A Short History of Gold and How It Compares To the Dollar Index

In my estimation, one of the most interesting and compelling world-wide investment stories of the past decade has been the story of Gold, traded most commonly within the stock and options world through the ETF SPDR Gold Shares (GLD).  During the twelve years prior to August of 2011, it was “common knowledge[1] that (at first) a hot real estate market (into 2007) and (later) an extremely accommodative monetary policy within the U.S. and Europe made an increase in the price of gold inevitable. As too many of us vividly recall, during 2010 and 2011, countless voices regularly trumpeted that the “next target on gold is $2000/ounce!”[2]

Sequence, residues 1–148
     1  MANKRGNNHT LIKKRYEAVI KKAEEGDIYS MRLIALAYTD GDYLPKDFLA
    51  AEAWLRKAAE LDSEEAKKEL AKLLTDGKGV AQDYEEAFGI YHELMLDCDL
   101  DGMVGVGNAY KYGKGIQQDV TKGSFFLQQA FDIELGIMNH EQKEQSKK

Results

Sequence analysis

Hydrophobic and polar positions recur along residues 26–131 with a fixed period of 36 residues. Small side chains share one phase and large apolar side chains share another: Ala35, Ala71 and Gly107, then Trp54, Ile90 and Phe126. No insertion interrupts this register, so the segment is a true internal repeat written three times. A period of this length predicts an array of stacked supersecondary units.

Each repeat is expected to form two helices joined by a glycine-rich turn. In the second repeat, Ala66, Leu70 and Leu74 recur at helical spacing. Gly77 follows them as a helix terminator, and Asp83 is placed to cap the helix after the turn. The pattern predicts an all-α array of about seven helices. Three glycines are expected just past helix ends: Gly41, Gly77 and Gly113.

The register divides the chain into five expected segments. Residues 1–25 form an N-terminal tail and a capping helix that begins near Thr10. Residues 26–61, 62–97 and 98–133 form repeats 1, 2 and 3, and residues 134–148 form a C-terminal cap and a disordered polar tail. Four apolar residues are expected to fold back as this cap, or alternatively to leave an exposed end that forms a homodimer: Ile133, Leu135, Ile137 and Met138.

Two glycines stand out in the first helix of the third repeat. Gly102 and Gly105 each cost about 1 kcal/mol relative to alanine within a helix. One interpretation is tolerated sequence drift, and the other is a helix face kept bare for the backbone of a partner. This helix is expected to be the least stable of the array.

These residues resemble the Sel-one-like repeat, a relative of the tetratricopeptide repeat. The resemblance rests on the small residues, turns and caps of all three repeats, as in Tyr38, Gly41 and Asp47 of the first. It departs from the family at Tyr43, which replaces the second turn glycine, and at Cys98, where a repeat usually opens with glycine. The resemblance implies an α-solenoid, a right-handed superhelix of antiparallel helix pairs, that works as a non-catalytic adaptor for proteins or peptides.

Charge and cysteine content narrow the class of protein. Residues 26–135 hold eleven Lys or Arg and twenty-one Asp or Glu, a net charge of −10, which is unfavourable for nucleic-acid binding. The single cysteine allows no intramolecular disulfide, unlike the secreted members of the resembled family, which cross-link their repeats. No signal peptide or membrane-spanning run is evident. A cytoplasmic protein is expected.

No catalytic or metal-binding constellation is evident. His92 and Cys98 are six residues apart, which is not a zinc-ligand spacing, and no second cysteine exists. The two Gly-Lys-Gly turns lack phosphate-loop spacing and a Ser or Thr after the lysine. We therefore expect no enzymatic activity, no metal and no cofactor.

For anyone who suffers from a severe memory challenge, here is an eight-year graph of GLD (blue) dating back to 2005. That “bull market” was very impressive! Not even the 2008-09 financial crisis could shipwreck it!

When one contrasts the blue “mountain” (GLD) with the red valley (S&P 500) (bottoming early in 2009) the price action on GLD becomes even more impressive!

Unfortunately, no matter how “inevitable” gold’s rise might have seemed between 2005 and 2011, “Ms. Market” never likes to be taken for granted! Through countless centuries, the “market” has done only one thing with pernicious certainty and consistency: proven countless overly-confident investors that she/he was absolutely wrong!

One look at the following graph establishes how gold bulls came face-to-face with that particular eternal truth!

Between August 22nd of 2011 and June 27 of this year, GLD declined in price by 37.2% — that is an average monthly decline of almost 1.7%!